This isn’t the first time Google has tried to take on the likes of iTunes and Amazon with YouTube, but as Light Reading reports, this time they’re expected to throw some major search engine weight behind it.
Thursday, July 01
On Tuesday, Amazon.com experienced a major outage for most of the day, prompting CNet to look at the cost of the outage:
At an annual revenue of nearly $27 billion, Amazon faces a potential loss of an average of $51,400 a minute when it’s site is offline. Amazon shares closed down 7.8 percent, a sharper fall than the Nasdaq index.
Wednesday, May 26
The New York Times is reporting the Justice Department is digging into possible digital music shenanigans:
In March, Billboard magazine reported that Amazon was asking music labels to give it the exclusive right to sell certain forthcoming songs for one day before they went on sale more widely. In exchange, Amazon promised to include those songs in a promotion called the “MP3 Daily Deal” on its Web site.
The magazine reported that representatives of Apple’s iTunes music service were asking the labels not to participate in Amazon’s promotion, adding that Apple punished those that did by withdrawing marketing support for those songs on iTunes.
It’s not all bad news for Apple this morning, however. As TechCrunch notes, Steve Jobs’ little company has just passed none other than Microsoft in market cap — at least for the time being.
Monday, November 30
Mega-retailers Amazon and Wal-Mart have been waging a pricing battle online for holiday shopping dollars, and as TechFlash reports, so far they both appear to be winning—at least on the traffic front:
The two retailers saw a big jump in unique visitors on Black Friday, the day after Thanksgiving, with Amazon up 28 percent and Wal-Mart up 22 percent, according to internet measurement firm comScore.
TechFlash also notes that online spending for “Black Friday” (AKA the busiest shopping day of the year) took a 11% jump over last year. And as earth2tech reports, all that business online has very real — and positive — effects on the environment:
[T]he carbon reductive powers of broadband-enabled dematerialization, or reducing physical goods and transportation with virtual options, is very real. According to The Climate Group’s Smart 2020 report published back in 2008, information and communication technology (ICT) can reduce the world’s carbon emissions across sectors by 15 percent (about 5 times the amount of the ICT sector’s own added carbon footprint). Dematerialization — from reduced transportation from e-commerce and telepresence as well as virtual goods replacing physical goods — could prevent 500 million tons of CO2 by 2020 (which is a little less than Australia’s total emissions in 2005).
Thursday, September 17
In what could prove to be the start of a major shift for publishing — or, just as possible, a short-lived fluke — digital copies of Dan Brown’s (The Da Vinci Code) new novel The Lost Symbol are outselling the traditional hardcover versions on Amazon.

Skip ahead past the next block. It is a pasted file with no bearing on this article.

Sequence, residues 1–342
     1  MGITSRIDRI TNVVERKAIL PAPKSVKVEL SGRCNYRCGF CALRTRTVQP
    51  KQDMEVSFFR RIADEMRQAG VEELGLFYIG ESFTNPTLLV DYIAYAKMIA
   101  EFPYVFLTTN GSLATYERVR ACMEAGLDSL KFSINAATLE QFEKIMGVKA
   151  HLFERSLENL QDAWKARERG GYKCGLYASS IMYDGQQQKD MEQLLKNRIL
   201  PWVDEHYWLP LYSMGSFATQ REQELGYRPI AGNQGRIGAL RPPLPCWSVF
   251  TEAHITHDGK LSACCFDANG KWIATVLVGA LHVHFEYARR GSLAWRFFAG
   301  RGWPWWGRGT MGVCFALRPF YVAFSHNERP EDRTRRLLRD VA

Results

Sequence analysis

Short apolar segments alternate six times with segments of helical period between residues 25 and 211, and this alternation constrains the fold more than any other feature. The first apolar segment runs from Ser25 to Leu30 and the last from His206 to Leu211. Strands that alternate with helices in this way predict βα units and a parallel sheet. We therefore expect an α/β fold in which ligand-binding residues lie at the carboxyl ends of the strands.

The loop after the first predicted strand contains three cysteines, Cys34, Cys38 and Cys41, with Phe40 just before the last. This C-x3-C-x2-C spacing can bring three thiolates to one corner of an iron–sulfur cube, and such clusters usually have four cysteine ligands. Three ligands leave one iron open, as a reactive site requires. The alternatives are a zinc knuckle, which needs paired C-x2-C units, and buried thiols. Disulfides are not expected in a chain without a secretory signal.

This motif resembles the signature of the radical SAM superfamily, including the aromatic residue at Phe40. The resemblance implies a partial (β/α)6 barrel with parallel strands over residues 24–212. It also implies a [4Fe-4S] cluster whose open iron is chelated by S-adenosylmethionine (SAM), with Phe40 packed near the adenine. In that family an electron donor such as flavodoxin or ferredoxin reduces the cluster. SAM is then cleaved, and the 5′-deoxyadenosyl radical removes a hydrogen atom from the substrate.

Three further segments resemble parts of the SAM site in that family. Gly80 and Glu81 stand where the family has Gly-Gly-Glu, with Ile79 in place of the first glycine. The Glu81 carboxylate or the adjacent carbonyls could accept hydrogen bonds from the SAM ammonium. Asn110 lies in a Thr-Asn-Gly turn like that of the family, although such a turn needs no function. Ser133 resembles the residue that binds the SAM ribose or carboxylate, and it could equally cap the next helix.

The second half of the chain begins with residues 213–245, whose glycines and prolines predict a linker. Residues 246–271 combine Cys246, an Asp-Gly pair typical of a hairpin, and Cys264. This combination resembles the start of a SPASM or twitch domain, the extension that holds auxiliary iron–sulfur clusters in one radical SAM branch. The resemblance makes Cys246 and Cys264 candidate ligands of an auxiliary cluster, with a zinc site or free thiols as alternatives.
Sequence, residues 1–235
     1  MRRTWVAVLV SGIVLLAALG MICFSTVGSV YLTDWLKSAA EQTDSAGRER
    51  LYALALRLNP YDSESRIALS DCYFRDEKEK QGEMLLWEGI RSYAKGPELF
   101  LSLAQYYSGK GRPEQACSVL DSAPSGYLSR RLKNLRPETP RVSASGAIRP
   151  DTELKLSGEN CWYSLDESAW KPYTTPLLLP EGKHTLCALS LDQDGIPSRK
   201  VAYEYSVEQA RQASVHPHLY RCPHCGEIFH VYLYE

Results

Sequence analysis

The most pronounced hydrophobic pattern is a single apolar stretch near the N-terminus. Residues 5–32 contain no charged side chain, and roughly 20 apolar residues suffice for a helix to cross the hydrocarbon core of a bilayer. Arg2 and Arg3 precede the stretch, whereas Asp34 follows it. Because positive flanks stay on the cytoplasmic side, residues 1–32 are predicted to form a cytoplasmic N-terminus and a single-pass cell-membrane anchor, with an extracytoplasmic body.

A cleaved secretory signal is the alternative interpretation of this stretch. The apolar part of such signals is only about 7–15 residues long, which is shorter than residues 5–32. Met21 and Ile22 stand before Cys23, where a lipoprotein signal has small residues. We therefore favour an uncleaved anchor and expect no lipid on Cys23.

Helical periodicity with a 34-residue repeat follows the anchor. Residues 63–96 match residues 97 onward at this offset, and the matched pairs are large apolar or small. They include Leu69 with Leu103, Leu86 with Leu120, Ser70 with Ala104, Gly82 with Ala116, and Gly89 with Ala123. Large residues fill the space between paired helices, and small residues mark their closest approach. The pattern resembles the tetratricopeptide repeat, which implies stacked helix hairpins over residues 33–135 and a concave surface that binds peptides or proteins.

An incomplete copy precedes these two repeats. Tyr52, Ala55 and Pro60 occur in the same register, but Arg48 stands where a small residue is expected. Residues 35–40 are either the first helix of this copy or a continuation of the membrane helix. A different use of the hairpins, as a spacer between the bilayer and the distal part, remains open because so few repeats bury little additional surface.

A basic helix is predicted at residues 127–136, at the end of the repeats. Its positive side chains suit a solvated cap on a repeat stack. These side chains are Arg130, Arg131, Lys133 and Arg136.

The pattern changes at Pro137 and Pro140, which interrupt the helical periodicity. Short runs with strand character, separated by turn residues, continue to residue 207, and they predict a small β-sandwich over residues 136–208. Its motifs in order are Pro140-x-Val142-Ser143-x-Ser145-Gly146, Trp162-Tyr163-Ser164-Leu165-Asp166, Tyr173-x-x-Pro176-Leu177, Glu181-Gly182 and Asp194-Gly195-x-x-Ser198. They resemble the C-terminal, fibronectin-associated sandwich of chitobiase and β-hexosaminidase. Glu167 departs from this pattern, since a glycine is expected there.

Thursday, July 23
As Amazon’s portable e-reader, the Kindle, continues to grow in popularity, it’s starting to affect all aspects of the publishing industry. For example: USA Today’s announcement that starting today week they’ll be including Kindle titles in their bestseller list.
Thursday, July 09
Looking for a job? Socially awkward in the real world? Well then online retailer Amazon has the job fair for you:
The very first Amazon Job Fair in Second Life will take place on Tuesday July 14th and will run from 6 AM to Midnight, PST.
This free event is a unique opportunity for candidates to have direct access to hiring managers and recruiters from around the world. Amazon is looking for all levels of technical and non-technical candidates – from hands-on engineers to program managers and game-changing principal architects. Visit our career site to see the open positions and then make plans to join us in-world.
We’ll be doing first-round virtual interviews (the equivalent of a phone screen) for real-world jobs.
Friday, May 22
Via GigaOm, it seems Amazon Web Services—- the company’s popular “cloud” storage service—has turned to the United States Postal service due to painfully slow Internet pipes:
Werner Vogels, Amazon’s CTO, explains in a blog posting that it would take up to 13 days to sling a terabyte of data across a 10 Mbps network, which is pretty darn slow. So Amazon is offering customers the chance to store their data on an external device, ship it via post, and Amazon will load it into S3. I outlined this problem of needing fat pipes to transfer our increasing loads of data back in April, but was hoping that instead of using FedEx, we’d have faster networks. Interestingly, Vogels doesn’t think our networks will keep up with our data generation — a feeling common also in the supercomputing and cloud storage world.
If cloud computing is indeed the future…well, it seems the future is a ways away.
Tuesday, April 21
For years, the idea of allowing states to collect online sales taxes—regardless of where companies are located—has continued to percolate. And as Business Week reports, a major push is now afoot:
In the next week, legislators are expected to introduce bills in the House and Senate promising to do away with the “physical presence” requirement. If a bill passes — and that’s a big “if” — it would require all online retailers, except for the tiniest companies, to collect sales taxes in the 23 states that are part of the Streamlined Sales Tax Project. The states would compensate the retailers for the trouble, while promising not to sue them for tax collection mistakes that are made.
Major online retailers like Amazon and Apple are, of course, fighting the bill—and given their financial strength, chances are they’ll succeed.